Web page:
In our last chronicle we discussed the shamanic journey.  In this chronicle the Shaman is going to take us on a journey.  The journey itself is imaginary. The place he is taking us to is very real— down to the cellular level, to the world beneath cultures.

The Shaman is a modern shaman so he agrees to meet us in a large downtown store in front of the elevators.  He welcomes us and invites us into the “Environmental Elevator.”  He  pushes the down button. We descend from the ground floor, to the organizational floor, to the systems floor, to the culture floor, and finally to the cellular floor where we get out.

At first we don’t know what to make of what we see. It is unlike anything we have ever seen before—a frenzied world in motion.  The Shaman says, “Don’t be alarmed. It is all quite normal. This is the place where, in the past, your scientists used to look for discreet “building blocks” as the foundation of life. . But we now know that there are no such things. Instead there are only cells, entangled cells, that are the basis of all life—plant life, animal life, human life, Earth life and even the life of the conscious universe.”

“I’m going to give you the tour in three different areas” said the Shaman.    “I ask you to take careful note of what you see and, at the end of each area, I’ll ask you for your observations.”  So off we go.

The tour was like wandering through a huge room filled with cells gyrating in constant flux. After we passed through it he said. “Unless you are a scientist looking through a microscope all day it must seem very confusing. But did anyone notice anything?”

A woman held up her hand and said, “Confusing is an understatement.  But each cell seemed to be unique—to have its own individual identity.

“You’re right” said the Shaman. “Each cell is unique.  But it is like the single human cell. As it develops it divides into arm cells, heart cells, head cells, brain cells, each one unique.  And when the child is born he or she is unique, different from every other human. Any other observations?”

A teen-aged boy said, “Even though they are different they all seem to be living.”

“Right again” said the Shaman. “Each one is living, whether they are insects, plants, animals, human, or even Earth itself.

An older gentleman said, “I’ve noticed something. Even though they are different and living….and I might be wrong in saying this…. they all seem related to one another. The shaman said “Yes, they are.”   Very insightful.  Not only are they related to one another, they are dependent upon one another.  They are a community.”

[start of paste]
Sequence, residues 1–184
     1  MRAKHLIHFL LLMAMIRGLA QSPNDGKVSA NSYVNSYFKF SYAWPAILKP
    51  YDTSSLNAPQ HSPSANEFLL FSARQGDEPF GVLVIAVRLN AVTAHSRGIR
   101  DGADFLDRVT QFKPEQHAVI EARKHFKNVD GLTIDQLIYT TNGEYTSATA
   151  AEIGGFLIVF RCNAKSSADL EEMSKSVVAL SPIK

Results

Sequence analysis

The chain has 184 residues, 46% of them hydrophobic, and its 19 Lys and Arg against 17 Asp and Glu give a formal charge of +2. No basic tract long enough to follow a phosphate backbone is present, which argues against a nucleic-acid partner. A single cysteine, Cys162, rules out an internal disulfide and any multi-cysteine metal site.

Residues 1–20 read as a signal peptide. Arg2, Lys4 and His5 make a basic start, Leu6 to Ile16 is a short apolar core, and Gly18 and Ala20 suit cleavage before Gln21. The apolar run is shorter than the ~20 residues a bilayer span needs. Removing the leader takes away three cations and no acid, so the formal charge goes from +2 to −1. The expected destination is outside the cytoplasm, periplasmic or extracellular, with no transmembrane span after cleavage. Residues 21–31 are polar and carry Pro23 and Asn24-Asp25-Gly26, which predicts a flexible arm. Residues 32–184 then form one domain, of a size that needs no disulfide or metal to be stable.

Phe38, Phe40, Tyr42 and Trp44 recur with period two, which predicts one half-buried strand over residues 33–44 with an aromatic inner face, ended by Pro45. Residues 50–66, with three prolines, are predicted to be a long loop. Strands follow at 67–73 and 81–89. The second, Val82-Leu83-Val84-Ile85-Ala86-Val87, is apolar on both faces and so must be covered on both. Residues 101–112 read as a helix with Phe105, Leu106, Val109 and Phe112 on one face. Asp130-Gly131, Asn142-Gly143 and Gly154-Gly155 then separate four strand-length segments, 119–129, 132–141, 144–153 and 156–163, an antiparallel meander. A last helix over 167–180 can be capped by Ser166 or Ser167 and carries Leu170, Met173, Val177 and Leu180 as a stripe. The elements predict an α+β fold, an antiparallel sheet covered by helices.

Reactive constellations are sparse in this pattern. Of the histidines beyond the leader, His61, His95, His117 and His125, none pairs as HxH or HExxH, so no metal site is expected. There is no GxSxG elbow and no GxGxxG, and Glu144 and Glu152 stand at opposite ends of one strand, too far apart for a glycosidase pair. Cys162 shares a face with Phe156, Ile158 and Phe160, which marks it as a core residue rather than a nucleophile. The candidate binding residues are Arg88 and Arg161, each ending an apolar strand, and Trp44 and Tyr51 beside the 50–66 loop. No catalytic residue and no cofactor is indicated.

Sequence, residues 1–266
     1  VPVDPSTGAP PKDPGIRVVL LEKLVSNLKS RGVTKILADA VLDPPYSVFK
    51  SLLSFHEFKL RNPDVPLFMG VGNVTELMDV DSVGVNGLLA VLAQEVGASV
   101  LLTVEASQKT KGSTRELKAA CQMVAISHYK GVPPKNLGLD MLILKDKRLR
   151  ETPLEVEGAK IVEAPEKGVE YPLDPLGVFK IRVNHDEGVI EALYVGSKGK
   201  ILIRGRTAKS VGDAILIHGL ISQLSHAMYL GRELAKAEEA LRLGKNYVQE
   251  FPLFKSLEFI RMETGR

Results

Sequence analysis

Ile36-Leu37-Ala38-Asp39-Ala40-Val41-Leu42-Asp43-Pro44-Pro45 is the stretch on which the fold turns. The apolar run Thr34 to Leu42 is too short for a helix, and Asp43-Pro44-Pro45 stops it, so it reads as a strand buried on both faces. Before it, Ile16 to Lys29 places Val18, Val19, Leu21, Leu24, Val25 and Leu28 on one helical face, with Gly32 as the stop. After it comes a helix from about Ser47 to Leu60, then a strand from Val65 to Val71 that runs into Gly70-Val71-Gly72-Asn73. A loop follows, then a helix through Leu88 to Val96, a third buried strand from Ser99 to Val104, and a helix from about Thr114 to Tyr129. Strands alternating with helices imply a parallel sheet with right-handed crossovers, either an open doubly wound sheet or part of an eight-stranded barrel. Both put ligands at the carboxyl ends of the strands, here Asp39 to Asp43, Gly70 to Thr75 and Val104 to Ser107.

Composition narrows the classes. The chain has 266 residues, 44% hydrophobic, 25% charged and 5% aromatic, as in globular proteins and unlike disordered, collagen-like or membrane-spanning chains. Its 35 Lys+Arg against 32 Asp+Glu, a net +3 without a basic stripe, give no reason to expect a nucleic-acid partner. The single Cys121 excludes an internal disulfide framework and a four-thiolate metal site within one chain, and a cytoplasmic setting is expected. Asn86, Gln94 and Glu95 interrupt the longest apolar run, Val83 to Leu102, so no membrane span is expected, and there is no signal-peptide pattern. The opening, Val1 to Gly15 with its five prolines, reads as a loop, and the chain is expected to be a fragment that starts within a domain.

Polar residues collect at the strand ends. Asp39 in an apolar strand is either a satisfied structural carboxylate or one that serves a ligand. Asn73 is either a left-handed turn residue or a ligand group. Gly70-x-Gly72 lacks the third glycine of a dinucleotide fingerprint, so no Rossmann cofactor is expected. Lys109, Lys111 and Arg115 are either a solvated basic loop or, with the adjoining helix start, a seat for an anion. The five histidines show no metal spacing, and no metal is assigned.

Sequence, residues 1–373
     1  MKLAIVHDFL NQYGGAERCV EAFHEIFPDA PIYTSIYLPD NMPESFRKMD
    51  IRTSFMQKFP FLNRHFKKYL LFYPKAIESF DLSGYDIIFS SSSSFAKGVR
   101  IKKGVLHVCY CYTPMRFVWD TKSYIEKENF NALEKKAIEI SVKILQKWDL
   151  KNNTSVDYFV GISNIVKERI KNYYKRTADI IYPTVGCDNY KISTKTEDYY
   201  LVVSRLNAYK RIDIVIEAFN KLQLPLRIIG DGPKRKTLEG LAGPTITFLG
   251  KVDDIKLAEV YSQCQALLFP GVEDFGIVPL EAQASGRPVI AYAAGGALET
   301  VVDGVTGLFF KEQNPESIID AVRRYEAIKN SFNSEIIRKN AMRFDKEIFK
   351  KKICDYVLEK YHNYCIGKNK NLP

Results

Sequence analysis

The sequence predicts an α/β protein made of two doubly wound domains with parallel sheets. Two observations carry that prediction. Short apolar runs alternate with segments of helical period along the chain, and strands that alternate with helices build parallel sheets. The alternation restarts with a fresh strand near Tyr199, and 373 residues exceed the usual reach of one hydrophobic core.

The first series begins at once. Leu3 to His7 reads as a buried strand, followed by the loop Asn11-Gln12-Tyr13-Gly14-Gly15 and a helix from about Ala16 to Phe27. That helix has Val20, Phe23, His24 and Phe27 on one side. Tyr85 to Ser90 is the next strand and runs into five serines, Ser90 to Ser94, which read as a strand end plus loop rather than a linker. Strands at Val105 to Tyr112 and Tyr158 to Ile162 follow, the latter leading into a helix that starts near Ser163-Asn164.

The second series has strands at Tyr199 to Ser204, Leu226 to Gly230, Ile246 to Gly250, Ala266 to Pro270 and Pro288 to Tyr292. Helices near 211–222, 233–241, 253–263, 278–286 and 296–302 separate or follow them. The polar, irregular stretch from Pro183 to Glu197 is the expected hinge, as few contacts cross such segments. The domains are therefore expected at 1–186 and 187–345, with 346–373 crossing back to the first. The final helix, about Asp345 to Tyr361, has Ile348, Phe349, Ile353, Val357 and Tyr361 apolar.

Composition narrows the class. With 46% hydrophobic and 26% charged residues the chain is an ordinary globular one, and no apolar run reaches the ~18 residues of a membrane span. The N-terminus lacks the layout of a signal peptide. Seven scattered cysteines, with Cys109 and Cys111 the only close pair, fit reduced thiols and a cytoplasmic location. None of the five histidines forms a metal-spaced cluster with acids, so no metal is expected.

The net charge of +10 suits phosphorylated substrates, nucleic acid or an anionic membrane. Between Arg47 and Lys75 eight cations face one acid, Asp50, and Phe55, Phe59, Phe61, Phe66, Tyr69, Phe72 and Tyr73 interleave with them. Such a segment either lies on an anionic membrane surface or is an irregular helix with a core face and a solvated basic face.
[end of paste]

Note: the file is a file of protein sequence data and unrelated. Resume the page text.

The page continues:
“So the cellular life has three distinct elements: individuality of species, life, and relationship with one another in community. Well done.  Let’s move on to the next room.”

This room was also very large but there was a difference.  The cells were moving much more slowly.  Some of them were hardly moving at all.  After we got through the area the Shaman said to us, “I’m sure you will notice the difference.  Some of these cells are sick or dying.  But, though you can’t tell from a single visit, if you had been taking this tour twenty years ago or even ten years ago you would notice that there are now many more cells in this area. This is what we might think of as a hospital emergency ward. We are not sure how many will be saved.”

We moved on to the last room. It was huge but it was darker.  There was nothing in it except memorial plaques on the walls: “Last Dinosaur’ and a date, “Last Carrier Pigeon” and a date, and so forth.  The Shaman said, “This is the Anthropocene Room.  It is the place that reminds us of the species that have passed out of existence. And every day the list is rapidly increasing.

The shaman said, “Well that’s the tour. I’m sure that most of you must have mixed feelings but I’m hoping it will remind you that you have a mission.”

On the way back to the elevator he said, “Every cell that you have seen down here, if it is to survive, needs your help. It must get through the various stops up the elevator: culture, systems, organizations, and the top floor which is your present environment. That is your mission—to help them survive.

He shook hands with each person and gave him or her a card which he called, “A little souvenir of the visit.”  It was a Lakota prayer. It said…

Grandfather Great Spirit

All over the world the faces of living ones are alike,

With tenderness they have come up out of the ground.

Look upon your children that they may

Face the winds and walk the good road to the

Day of Quiet.

Grandfather Great Spirit,

Fill us with the Light,

Give us the Strength to understand, and the eyes to see

Teach us to walk the soft Earth as relatives to all that live.

Mike Bell

Comox Valley Climate Change Network